The growing problem of bacterial resistance to conventional antibiotic compounds and the need for new antibiotics have stimulated interest in the development of antimicrobial peptides (AMPs) as human therapeutics. Development of topically applied agents, such as pexiganan (also known as MSI-78, an analog of the naturally occurring magainin2, extracted from the skin of the African frog Xenopus laevis) has been the focus of pharmaceutical development largely because of the relative safety of topical therapy and the uncertainty surrounding the long-term toxicology of any new class of drug administered systemically. The main hurdle that has hindered the development of antimicrobial peptides is that many of the naturally occurring peptides (such as magainin), although active in vitro, are effective in animal models of infection only at very high doses, often close to the toxic doses of the peptide, reflecting an unacceptable margin of safety. Though MSI-78 did not pass the FDA approval, it is still the best-studied AMP to date for therapeutic purposes. Biophysical studies have shown that this peptide is unstructured in solution, forms an antiparallel dimer of amphipathic helices upon binding to the membrane, and disrupts membrane via toroidal-type pore formation. This article covers functional, biophysical, biochemical and structural studies on pexiganan. © 2008 Elsevier B.V. All rights reserved.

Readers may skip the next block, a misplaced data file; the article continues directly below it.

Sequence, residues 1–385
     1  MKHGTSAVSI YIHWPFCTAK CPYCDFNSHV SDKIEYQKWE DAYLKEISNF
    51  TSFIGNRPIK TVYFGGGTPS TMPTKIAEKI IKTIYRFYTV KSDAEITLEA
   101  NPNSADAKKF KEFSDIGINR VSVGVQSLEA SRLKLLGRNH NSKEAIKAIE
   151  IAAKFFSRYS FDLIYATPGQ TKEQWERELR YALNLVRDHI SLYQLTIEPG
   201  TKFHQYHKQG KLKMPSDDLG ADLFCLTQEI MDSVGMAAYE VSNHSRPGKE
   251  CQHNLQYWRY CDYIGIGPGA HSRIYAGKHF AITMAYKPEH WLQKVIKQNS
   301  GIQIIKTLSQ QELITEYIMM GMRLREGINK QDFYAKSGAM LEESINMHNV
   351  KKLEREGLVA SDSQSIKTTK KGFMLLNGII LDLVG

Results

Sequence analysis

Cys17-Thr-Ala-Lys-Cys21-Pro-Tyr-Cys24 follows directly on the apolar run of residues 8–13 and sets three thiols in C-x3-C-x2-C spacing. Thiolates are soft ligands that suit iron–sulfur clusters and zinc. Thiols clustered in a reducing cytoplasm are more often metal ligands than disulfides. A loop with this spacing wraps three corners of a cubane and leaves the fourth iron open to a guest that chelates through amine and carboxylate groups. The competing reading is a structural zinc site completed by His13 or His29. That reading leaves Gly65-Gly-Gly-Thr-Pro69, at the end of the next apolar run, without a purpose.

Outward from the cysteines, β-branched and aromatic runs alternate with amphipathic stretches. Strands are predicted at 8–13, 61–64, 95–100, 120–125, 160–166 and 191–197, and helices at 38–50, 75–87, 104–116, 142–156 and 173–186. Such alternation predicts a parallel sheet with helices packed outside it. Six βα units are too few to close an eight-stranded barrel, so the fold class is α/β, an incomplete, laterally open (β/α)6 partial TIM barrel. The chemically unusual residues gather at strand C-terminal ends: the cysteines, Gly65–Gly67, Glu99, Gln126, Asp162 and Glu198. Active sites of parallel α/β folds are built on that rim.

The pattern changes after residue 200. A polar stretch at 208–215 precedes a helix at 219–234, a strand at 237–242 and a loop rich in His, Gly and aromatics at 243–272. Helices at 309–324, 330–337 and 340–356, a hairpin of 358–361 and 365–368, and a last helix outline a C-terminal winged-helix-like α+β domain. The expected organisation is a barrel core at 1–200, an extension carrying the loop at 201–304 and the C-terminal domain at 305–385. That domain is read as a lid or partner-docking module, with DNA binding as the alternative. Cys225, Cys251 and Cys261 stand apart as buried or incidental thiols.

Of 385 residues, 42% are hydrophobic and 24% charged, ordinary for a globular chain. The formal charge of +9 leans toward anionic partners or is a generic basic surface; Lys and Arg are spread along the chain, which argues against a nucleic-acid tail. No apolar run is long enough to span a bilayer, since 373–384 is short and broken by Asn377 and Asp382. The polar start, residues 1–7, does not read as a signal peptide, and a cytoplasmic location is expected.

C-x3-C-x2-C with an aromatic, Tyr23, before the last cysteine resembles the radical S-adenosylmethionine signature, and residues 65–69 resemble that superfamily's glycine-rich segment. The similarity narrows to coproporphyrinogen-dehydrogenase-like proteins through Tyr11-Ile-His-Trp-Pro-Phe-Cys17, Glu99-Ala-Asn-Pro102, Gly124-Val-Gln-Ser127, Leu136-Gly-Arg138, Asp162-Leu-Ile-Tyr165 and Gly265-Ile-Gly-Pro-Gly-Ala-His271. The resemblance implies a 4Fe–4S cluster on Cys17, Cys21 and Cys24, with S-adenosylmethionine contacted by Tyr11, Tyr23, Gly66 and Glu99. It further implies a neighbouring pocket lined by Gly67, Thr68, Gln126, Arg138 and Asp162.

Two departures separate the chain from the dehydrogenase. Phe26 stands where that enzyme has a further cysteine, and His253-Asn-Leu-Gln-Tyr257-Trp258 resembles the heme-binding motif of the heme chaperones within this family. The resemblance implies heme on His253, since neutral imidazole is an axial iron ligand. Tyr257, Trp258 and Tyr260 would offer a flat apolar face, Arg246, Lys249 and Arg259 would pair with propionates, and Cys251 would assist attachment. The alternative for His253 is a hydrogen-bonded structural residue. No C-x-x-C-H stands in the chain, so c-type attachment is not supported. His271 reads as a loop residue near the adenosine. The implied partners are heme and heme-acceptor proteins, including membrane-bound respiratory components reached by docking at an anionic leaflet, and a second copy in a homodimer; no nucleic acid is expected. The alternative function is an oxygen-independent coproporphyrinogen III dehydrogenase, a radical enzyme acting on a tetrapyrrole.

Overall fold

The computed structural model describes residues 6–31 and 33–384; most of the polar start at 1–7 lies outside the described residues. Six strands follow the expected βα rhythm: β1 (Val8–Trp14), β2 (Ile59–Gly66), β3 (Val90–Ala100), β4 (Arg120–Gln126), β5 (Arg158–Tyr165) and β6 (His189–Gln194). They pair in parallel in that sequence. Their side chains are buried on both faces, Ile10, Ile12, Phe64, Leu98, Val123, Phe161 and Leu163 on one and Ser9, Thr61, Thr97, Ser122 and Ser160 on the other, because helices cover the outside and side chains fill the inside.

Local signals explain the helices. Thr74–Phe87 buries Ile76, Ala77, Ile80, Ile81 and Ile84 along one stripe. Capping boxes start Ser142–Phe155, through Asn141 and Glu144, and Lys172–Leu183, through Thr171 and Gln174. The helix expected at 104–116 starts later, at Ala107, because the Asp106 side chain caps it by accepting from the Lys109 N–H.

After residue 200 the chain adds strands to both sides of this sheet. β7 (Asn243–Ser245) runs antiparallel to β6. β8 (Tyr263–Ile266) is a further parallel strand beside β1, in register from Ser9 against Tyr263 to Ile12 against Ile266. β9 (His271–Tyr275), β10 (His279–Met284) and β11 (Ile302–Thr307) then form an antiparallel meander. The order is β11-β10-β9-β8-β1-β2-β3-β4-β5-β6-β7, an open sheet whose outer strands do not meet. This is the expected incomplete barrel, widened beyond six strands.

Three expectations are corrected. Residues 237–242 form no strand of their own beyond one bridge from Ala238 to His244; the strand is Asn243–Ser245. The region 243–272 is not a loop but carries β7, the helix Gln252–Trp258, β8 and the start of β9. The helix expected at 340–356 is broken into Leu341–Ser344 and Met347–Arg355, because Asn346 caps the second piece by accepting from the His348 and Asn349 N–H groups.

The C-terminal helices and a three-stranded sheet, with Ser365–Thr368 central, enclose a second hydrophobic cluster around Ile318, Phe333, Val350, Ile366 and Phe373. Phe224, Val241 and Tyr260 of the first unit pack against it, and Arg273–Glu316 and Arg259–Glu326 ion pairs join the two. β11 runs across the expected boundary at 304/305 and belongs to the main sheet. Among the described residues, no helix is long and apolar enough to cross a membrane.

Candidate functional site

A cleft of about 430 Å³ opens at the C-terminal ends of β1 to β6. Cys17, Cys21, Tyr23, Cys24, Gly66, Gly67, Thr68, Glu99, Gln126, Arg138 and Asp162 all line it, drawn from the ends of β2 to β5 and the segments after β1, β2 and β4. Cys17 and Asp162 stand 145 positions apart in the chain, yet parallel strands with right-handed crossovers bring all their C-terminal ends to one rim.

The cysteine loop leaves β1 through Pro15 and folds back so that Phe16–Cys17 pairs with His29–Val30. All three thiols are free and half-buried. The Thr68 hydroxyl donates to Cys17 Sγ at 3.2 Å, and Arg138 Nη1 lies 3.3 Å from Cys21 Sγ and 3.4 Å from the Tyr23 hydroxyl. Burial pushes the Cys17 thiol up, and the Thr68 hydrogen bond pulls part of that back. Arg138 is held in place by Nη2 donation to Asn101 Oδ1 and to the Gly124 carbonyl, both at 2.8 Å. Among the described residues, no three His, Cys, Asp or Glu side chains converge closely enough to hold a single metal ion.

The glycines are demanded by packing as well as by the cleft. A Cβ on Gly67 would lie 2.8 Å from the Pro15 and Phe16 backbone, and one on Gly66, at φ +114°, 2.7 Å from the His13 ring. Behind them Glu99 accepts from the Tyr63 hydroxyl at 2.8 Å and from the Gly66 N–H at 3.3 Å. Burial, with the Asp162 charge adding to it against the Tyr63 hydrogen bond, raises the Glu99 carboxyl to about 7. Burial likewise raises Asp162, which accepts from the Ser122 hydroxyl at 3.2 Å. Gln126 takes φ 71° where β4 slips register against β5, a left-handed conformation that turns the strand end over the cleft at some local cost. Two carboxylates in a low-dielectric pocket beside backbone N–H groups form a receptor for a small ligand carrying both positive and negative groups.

Gottler, L. M., & Ramamoorthy, A. (2009, August). Structure, membrane orientation, mechanism, and function of pexiganan - A highly potent antimicrobial peptide designed from magainin. Biochimica et Biophysica Acta - Biomembranes. https://doi.org/10.1016/j.bbamem.2008.10.009